Home Climate Change Parts of East Africa likely to be uninhabitable as global temperatures rise

Parts of East Africa likely to be uninhabitable as global temperatures rise

Once global warming shoots beyond 1.5°C, the report said, weather disasters will become more extreme – so much that people will no longer be able to adapt.

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Northern Tanzania has seen more prolonged dry spells in the recent past. Once global warming shoots beyond 1.5°C, the report said, weather disasters will become more extreme – so much that people will no longer be able to adapt. Photo: Gilbert Mwijuke
Northern Tanzania has seen more prolonged dry spells in the recent past. Once global warming shoots beyond 1.5°C, the report said, weather disasters will become more extreme – so much that people will no longer be able to adapt. Photo: Gilbert Mwijuke

By Gilbert Mwijuke

As the window to tackle climate change is rapidly closing, millions of East Africans will continue to be exposed to food insecurity as a result of prolonged and more frequent droughts while some areas will become uninhabitable and some populations will have to migrate, experts have warned.

The sixth synthesis report by the United Nation’s Intergovernmental Panel on Climate Change (IPCC), which was released on March 20, warned that if we continue with business as usual, the world is likely to surpass its target of limiting global temperatures to 1.5°C by the start of the next decade.

Once global warming shoots beyond 1.5°C, the report said, weather disasters will become more extreme – so much that people will no longer be able to adapt.

“An increment of more than 0.4 °C is a lot. Most pastoral communities, like the Karamojong in Uganda and Maasai in Kenya and Tanzania who are already facing severe droughts would most likely run out of options and migrate to other areas in search of water and pasture, which would likely lead to conflicts between the immigrants and host communities,” said Dr Collins Okello, a climate change researcher and lecturer at Gulu University in Uganda.

According to IPCC scientists, every increment of warming automatically leads to escalating extreme weather events, which translates into more risks for human lives and livelihoods. And people in regions such as Africa, which are highly vulnerable to climate change, will be hit the hardest even though they have contributed the least to the crisis.

While countries in the global north are largely responsible for the current climate crisis due to their historic burning of large amounts of fossil fuels, it is countries in the global south that are largely bearing the brunt of a changing climate.

In the recent past, climate catastrophes such as severe droughts and fatal floods have increased in regions such as Africa. Most recently, a tide of death swept through southern Africa when Mozambique, Madagascar and Malawi were hit by Cyclone Freddy, which left a total of 522 people dead and hundreds of properties destroyed.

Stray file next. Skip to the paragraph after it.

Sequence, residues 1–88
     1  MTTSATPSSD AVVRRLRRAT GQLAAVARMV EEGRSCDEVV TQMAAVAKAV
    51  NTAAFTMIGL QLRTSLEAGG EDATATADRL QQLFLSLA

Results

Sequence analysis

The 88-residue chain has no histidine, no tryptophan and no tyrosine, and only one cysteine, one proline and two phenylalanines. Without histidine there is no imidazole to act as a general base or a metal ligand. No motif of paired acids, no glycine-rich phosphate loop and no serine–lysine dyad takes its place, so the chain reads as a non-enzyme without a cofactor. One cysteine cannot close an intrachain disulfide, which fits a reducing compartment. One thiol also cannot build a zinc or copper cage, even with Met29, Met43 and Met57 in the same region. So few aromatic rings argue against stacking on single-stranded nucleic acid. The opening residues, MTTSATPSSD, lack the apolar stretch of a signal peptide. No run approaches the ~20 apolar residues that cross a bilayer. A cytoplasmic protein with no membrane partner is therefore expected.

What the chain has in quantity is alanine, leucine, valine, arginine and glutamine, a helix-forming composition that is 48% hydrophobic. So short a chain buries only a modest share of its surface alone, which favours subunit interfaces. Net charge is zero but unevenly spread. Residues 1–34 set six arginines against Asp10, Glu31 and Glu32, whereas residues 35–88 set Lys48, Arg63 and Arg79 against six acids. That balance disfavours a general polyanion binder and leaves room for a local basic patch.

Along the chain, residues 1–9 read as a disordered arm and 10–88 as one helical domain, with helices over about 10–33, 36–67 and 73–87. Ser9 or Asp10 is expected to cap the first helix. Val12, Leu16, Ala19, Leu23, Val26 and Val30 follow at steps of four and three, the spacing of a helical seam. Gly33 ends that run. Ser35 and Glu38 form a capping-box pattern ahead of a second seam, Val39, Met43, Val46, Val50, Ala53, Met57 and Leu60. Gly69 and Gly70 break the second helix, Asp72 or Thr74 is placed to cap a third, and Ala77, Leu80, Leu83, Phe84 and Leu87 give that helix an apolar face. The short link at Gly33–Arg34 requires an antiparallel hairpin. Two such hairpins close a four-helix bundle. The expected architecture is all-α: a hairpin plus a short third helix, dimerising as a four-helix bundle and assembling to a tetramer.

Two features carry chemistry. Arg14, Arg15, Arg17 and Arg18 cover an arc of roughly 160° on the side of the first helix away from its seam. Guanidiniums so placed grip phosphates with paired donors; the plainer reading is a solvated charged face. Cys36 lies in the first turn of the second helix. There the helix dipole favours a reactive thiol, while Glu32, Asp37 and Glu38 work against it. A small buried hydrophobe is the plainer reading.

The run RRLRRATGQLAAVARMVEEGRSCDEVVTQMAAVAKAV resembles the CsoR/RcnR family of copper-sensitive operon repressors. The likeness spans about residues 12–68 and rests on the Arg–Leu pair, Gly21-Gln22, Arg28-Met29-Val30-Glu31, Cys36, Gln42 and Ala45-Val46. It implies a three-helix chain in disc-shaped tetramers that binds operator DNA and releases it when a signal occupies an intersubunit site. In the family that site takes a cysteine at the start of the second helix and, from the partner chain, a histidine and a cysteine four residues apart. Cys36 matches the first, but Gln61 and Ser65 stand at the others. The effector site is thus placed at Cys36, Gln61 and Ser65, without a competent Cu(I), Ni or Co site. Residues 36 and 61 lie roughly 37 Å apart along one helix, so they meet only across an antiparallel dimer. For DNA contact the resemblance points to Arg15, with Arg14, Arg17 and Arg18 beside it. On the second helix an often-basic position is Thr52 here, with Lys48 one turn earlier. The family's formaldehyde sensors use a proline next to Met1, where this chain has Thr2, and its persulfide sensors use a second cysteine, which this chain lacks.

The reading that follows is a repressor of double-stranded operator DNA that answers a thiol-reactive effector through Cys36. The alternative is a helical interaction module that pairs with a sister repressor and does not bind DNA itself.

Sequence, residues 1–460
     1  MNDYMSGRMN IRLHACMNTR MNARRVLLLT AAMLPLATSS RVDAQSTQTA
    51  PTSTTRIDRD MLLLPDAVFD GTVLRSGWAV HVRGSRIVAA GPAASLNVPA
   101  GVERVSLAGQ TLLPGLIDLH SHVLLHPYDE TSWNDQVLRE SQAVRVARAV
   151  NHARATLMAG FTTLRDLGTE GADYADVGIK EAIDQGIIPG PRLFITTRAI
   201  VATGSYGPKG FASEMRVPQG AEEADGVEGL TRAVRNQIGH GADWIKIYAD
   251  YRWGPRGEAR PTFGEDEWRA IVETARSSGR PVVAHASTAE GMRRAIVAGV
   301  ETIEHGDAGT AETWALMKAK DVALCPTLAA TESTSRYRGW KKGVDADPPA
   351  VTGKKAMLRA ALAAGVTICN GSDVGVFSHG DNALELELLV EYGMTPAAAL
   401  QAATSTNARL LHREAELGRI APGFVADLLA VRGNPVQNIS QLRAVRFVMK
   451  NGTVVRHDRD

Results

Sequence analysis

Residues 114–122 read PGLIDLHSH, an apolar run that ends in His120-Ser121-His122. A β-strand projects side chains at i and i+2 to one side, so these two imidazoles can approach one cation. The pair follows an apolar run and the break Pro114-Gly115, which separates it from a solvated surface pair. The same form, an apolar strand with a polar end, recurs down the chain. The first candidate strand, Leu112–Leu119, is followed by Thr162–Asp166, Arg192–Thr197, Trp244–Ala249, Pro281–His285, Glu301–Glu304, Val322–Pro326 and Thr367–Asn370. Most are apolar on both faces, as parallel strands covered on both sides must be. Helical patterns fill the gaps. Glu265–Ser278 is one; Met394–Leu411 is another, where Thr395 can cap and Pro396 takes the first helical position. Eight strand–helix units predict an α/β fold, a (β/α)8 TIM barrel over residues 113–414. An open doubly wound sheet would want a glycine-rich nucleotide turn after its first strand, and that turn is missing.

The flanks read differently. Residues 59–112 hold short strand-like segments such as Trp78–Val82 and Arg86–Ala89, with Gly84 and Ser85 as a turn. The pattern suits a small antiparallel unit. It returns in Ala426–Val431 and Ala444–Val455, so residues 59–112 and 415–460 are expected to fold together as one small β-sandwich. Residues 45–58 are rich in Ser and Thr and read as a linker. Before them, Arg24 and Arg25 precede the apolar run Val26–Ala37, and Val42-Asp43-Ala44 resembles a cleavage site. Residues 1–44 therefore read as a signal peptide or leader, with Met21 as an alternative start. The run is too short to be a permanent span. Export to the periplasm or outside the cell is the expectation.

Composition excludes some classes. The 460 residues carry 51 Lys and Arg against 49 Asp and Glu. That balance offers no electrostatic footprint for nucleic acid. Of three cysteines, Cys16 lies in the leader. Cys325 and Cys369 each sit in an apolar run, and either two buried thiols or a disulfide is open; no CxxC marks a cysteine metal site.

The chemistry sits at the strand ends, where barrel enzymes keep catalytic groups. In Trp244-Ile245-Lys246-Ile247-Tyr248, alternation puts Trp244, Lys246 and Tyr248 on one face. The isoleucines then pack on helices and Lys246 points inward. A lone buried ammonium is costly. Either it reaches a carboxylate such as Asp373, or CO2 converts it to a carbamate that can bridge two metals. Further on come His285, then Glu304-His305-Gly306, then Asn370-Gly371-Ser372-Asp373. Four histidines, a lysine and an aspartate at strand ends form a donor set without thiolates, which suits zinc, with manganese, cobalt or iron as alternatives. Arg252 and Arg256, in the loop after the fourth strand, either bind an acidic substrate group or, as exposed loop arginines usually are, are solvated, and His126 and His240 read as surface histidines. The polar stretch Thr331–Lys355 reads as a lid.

Away from southern Africa, international aid agencies recently said that at least 21 million people in eastern Africa are facing hunger due to failed crop yields as prolonged dry spells increase in intensity and frequency.

In the recent past, floods have also frequently ravaged the region, destroying cropland and homesteads and causing deaths of hundreds of people, especially in Uganda, the DR Congo and South Sudan. 

“Wealthy nations responsible for high greenhouse gas emissions need to revise their climate targets to ensure significant emission cuts and commit to delivering climate finance to enable the climate vulnerable nations adapt to climate change,” said Landry Ninteretse, a Burundian climate expert and regional director at 350Africa, a grassroots climate change advocacy organisation.

Mr Ninteretse added that loss and damage financing will be required to support communities suffering impacts beyond the limits of adaptation.

Window of opportunity

But there is hope. During the launch of the IPCC report, scientists said that the world still has multiple, feasible and effective options to avoid pushing the climate crisis to a point of no return.

“It is not too late to control the scope of climate impacts: every tenth of a degree counts. This decade is crucial in the fight against climate change and our window of opportunity is closing,” Mr Ninteretse said.

According to the IPCC, keeping warming to 1.5°C above pre-industrial levels requires deep, rapid and sustained greenhouse gas emissions reductions in all sectors. The IPCC has indicated that emissions should be decreasing by now and will need to be cut by almost half by 2030, if warming is to be limited to 1.5°C.

“This synthesis report underscores the urgency of taking more ambitious action and shows that, if we act now, we can still secure a liveable, sustainable future for all. Mainstreaming effective and equitable climate action will not only reduce losses and damages for nature and people, it will also provide wider benefits,” said IPCC Chair Hoesung Lee during the launch of the report in Interlaken, Switzerland.

In the first IPCC synthetic report that was launched in 2018, scientists warned that the scale of the challenge required to keep global warming within 1.5°C was unprecedented, but five years later the challenge has become even bigger as people continue to burn more fossil fuels.

And to make matters worse, the latest report found that the pace and scale of what the world is currently doing to curtail global warming – and the plans in place – are not sufficient to tackle climate change.

“Emissions should be decreasing by now and will need to be cut by almost half by 2030, if warming is to be limited to 1.5°C,” the IPCC said in a statement after the launch of its latest report.

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